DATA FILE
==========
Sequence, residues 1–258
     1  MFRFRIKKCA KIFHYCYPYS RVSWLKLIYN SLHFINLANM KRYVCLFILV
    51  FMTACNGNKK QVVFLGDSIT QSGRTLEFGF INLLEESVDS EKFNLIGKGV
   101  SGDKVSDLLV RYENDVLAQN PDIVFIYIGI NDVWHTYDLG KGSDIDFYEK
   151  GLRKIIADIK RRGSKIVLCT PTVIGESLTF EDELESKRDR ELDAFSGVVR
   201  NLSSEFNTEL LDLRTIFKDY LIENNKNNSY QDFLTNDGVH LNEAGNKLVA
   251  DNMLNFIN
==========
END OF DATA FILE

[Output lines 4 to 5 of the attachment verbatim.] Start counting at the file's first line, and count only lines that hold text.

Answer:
   101  SGDKVSDLLV RYENDVLAQN PDIVFIYIGI NDVWHTYDLG KGSDIDFYEK
   151  GLRKIIADIK RRGSKIVLCT PTVIGESLTF EDELESKRDR ELDAFSGVVR